This edition of Critical Reception examines online reaction to Treyarch's choice-driven first-person shooter Call of Duty: Black Ops II, which reviewers describe as "the most ambitious and exciting Call of Duty ever made." Black Ops II currently earns a score of 85 out of 100 at Metacritic.com. IGN's Anthony Gallegos rates Black Ops II at 9.3 out of 10. "While large portions of the design conform to the tenets established by prior iterations of the franchise," he writes, "the unparalleled wealth of gameplay options and brilliant twists on the formula have shaped Black Ops II into the most ambitious and exciting Call of Duty ever made. [...] This is an evolution." Black Ops II's strong single-player campaign is one of its greatest assets. "A great narrative already makes Black Ops II stand out in the pantheon of Call of Duty campaigns, but where it really sets itself apart is the addition of player choice and consequence," Gallegos notes. "Moments and devices that would otherwise seem irrelevant -- like whether you find all of the intel in a level or choose to shoot someone -- can come back to haunt you, hurt you or help you. Failing objectives might result in new or more challenging missions rather than a restart screen." The new Pick 10 system defines Black Ops II's multiplayer aspect. "Call of Duty has shaped the way other shooters present class and loadout designs for years, and Treyarch successfully redefines the standard with the Pick 10 system," Gallegos explains. "The hook of Pick 10 comes from the ability to defy the loadout rules. Each attachment, weapon, grenade or perk counts as one of your ten points, and you can swap them out at will to create a huge number of combinations. "Pick 10 accomplishes something I didn't even realize I wanted: For Create a Class to be as exciting and enticing as it was when I first popped in the original Modern Warfare. I don't just experiment because I want to create a loadout perfectly tailored to a specific mode, but because it's a genuinely fun and intuitive system to use." "The team at Treyarch could have played it safe and Black Ops II would have sold well, but instead they challenged assumptions and pushed the series forward in awesome new directions," Gallegos says. "This is not just a fantastic Call of Duty game, but one of the best shooters of the last decade." Dan Ryckert at Game Informer scores Black Ops II at 8.5 out of 10. "With the first Black Ops, Treyarch demonstrated it was willing to take risks by shaking up numerous multiplayer conventions," he recalls. "Fans loved the new features, and the developer has shifted its focus to campaign changes for Black Ops II. Some of these risks pay off, and others are faulty despite their ambition." "During my six hours with the campaign, I sometimes didn't even realize how my actions had shaped the situations," Ryckert writes. "These decisions don't affect the grand scheme of things, but many cutscenes and in-game scenarios can be altered based on your actions. The weight of your decisions isn't on the level of a game like Heavy Rain, but the system had me talking to others about their experiences in a way I had never done before with this series." However, Ryckert warns that the new Strike Force missions are "undoubtedly the weakest part of the single-player component." "The idea of integrating sandbox stages with light RTS elements could have been a great way to shake up the standard gameplay," he admits. "Instead, these stages are a full of frustration as you attempt to control your AI teammates. Ordering my squads around via the overhead tactical view proved to be a fruitless effort, as they rarely reacted to my commands. At one point late in the game, I even had to restart an entire Strike Force mission because of a glitch that wouldn't allow me to perform the final required action." The changes to the returning "Zombies" multiplayer mode are more successful. "Black Ops II offers [...] a massive (and secret-filled) Tranzit mode that shuttles players across a zombie-infested town on a bus," Ryckert describes. "It appears to be another horde mode clone on the surface, but fans of the previous offerings know that the bevy of Easter eggs in zombie mode offers a surprising amount of replayability." "Despite some frustrations, Black Ops II is yet another massive, polished, finely tuned entry in a series that shows no signs of slowing down," Ryckert says. "Even if Treyarch misses the mark on occasion, I respect the developer for taking chances with a series that would sell just fine if it stuck with the status quo." Giant Bomb's Jeff Gerstmann gives Black Ops II 4 out of 5 stars. "The game's ambitious single-player campaign [...] isn't without fault, but the way it integrates player choice into the proceedings is fantastic, helping you to craft a Call of Duty tale that feels like a product of the decisions you make along the way," he praises. "The rest of the package? Pretty much exactly what you'd expect, but a little bigger and a little bolder." Gerstmann is impressed with Black Ops II's subtle story branching system. "It's not that every single choice is incredibly vital and Earth-shattering," he writes. "It's that you're never quite sure that you're doing the right thing or behaving in the right way, and the route to what you'd probably consider the 'happiest' version of the ending isn't clear. In a year filled with games that handle player choice in different ways, the Black Ops II campaign manages to be right up there with the best." Multiplayer presents a variety of new options. "Rather than just filling out the class creation form in a slightly different way, Black Ops II lets you rewrite it a bit," Gerstmann explains. "Want to take six perks into combat instead of the standard three? There's a way to do that, but it involves carrying no grenades and only one attachment-free gun. "All this is done in such a way that you can even further create classes that cater to your play style, and the results are interesting. But you still have to deal with weapons that unlock in a set order. [...] That means you'll level up and, yay, you've unlocked a sniper rifle that you'll never use. Or, at least, I'll never use it. After six years of playing this game with varying degrees of prowess, I know what I like. Climbing up the unlock tree yet again only to see it filled with options that I'll never want to use just sounds like more trouble than it's worth at this point." "It doesn't reinvent the wheel, and some of the multiplayer changes feel more like they're propping up an aging concept rather than truly moving it forward, even though it's still a good way to spend time with your online friends," Gerstmann concludes. "For me, it's the notion that Call of Duty is showing some terrific signs of life on the campaign side that left me the most impressed. It's got its share of flaws, but overall Treyarch has assembled a great, fast, and fun first-person shooter that, even if you were thinking about finally skipping a year, is still worth your time."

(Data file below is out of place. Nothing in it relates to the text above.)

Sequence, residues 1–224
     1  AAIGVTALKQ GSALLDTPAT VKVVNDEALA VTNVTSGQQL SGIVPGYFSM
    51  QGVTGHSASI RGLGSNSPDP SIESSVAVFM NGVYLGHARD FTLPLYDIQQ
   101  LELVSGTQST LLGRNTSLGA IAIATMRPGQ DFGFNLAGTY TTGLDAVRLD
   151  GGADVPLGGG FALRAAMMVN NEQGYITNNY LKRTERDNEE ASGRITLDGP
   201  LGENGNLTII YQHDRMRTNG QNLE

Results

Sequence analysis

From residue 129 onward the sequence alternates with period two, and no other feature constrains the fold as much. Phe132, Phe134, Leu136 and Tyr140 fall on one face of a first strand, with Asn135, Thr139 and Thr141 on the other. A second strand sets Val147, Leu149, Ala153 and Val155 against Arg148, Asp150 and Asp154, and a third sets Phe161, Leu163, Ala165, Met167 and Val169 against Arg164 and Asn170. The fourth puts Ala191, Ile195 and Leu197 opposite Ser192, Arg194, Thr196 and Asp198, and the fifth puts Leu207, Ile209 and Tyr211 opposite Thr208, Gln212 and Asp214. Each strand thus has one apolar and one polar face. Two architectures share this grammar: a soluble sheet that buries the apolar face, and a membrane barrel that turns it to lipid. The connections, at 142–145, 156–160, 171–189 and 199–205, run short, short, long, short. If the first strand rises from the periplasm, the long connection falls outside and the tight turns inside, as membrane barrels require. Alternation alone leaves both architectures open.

About the Author(s)

Danny Cowan


Danny Cowan is a freelance writer, editor, and columnist for Gamasutra and its subsites. Previously, he has written reviews and feature articles for gaming publications including 1UP.com, GamePro, and Hardcore Gamer Magazine.